The pro-tobacco social climate in the 1950s and 60s made it difficult to disseminate information on adverse health effects of smoking in an effective way. For a long time warnings were communicated by moral entrepreneurs who many considered were on an ethical crusade and therefore had reduced credibility (10). Newspapers and textbooks contained little information to counteract the massive commercials that glorified smoking (11). The commercials became more aggressive from the time final evidence on health risks of smoking became available (12). Up to 1970, doctors and authorities had a very low profile and did not inform about dangers of tobacco nor engage themselves in preventive work. The State Information Service was responsible for the first publicly financed information campaign, which was launched in 1975.
Reduced cigarette consumption
The decline in tobacco consumption among men coincided with implementation of a nationwide tobacco legislation. From 1975 there was a total ban on all commercials for tobacco, introduction of health warnings on cigarette and tobacco packs and a 16-year age limit for buying and selling tobacco. The law was later expanded with paragraphs that protected people against passive smoking on work places and means of transportation (1989), and in places where food was served (2004); new nicotine products were banned (1989), more (1984) and larger (2003) health warnings and a higher age limit for buying and selling tobacco was set at 18 years (1995). The real price of tobacco increased several times after 1975, systematic preventive measures were instigated and campaign activity was intensified.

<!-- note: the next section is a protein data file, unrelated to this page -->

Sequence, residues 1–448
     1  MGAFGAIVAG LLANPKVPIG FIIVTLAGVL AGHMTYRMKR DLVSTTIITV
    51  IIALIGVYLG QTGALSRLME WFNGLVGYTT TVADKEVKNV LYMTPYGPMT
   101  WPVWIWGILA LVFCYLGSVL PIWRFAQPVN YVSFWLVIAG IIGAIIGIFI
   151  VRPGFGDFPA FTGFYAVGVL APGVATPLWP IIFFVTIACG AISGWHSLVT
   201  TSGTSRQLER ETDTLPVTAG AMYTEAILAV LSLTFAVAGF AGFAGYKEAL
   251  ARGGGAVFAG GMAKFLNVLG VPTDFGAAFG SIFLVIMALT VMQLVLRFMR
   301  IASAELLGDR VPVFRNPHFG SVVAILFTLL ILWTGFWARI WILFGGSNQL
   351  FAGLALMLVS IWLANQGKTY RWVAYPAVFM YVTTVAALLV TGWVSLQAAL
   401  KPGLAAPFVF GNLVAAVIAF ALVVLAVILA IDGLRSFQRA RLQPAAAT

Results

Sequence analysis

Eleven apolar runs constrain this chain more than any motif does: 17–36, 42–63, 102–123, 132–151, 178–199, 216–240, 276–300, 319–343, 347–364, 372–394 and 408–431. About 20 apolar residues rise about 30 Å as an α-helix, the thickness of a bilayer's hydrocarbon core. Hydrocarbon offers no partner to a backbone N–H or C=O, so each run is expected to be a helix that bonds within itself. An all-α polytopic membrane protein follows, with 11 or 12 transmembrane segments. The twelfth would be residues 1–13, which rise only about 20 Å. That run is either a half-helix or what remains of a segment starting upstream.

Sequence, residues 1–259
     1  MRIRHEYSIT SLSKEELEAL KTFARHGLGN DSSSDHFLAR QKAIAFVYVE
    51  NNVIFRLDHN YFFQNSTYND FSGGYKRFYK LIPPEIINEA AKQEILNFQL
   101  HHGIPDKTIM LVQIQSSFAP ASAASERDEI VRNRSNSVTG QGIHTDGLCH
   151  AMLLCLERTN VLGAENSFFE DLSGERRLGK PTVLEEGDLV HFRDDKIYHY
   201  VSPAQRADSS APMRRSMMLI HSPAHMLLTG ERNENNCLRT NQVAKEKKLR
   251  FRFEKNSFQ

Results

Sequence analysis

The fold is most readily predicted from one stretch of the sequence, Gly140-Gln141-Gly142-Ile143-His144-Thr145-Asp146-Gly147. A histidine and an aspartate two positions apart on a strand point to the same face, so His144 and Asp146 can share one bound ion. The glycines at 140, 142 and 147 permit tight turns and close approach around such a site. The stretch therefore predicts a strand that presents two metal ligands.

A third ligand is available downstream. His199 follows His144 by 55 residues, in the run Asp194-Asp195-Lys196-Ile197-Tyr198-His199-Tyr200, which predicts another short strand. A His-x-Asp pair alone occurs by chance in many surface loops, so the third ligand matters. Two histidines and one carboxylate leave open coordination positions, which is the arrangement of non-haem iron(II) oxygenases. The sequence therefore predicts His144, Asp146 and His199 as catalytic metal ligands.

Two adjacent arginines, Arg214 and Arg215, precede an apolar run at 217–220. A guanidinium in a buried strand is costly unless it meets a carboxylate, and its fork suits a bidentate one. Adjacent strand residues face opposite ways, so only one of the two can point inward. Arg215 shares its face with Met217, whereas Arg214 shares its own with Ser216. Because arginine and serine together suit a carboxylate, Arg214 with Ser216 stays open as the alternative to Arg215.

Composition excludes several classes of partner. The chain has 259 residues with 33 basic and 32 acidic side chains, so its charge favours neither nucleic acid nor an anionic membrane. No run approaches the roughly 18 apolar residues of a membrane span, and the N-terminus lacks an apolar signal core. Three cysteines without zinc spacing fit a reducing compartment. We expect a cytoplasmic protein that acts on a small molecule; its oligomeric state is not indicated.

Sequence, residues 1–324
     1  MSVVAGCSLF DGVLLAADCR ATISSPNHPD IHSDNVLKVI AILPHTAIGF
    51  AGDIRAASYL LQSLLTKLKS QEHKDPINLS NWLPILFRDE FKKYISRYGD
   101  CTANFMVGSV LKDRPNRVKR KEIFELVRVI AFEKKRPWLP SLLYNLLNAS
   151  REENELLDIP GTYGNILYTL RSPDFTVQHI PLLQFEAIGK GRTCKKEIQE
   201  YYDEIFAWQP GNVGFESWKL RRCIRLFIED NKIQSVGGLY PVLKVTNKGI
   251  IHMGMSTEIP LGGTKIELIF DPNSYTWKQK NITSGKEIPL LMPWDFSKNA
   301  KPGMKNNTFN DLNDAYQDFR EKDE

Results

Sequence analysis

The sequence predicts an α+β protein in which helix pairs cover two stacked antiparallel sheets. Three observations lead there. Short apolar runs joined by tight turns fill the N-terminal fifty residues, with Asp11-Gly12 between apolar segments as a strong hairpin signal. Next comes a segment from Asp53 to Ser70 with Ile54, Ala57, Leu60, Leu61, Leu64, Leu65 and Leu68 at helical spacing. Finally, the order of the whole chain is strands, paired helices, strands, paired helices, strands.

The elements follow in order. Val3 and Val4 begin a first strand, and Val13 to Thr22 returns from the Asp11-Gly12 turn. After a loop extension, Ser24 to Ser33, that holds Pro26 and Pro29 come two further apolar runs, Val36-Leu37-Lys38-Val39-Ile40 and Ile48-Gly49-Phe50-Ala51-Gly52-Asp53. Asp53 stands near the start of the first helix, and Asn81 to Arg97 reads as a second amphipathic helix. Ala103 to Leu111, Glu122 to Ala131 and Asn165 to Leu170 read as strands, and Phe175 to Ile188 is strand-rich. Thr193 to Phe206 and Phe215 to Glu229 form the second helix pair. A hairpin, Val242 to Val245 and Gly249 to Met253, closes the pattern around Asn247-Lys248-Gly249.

The authorities’ initiatives have contributed to reducing smoking, but the reductions are caused by many factors outside of the authorities’ direct control; such as smoking’s changed symbolic content, user groups’ lowered status, launching of nicotine-containing drugs to quit smoking and the renaissance for snuff (7).
Delays in changes among women
As shown in figure 1 women started to smoke later than men. Rønneberg and collaborators (6) found that women consumed tobacco later in life than men. This sex difference must be interpreted in light of the restrictive norms for female smokers which prevented the industry from tailoring market campaigns specifically towards women. As a group, women lacked typical innovative traits, such as a long education and cosmopolitan orientation. They were more religious and administrators of the private family sphere. Women participated less in societal areas that could be considered secular, norm weakening and recruiting for smoking (7, 8).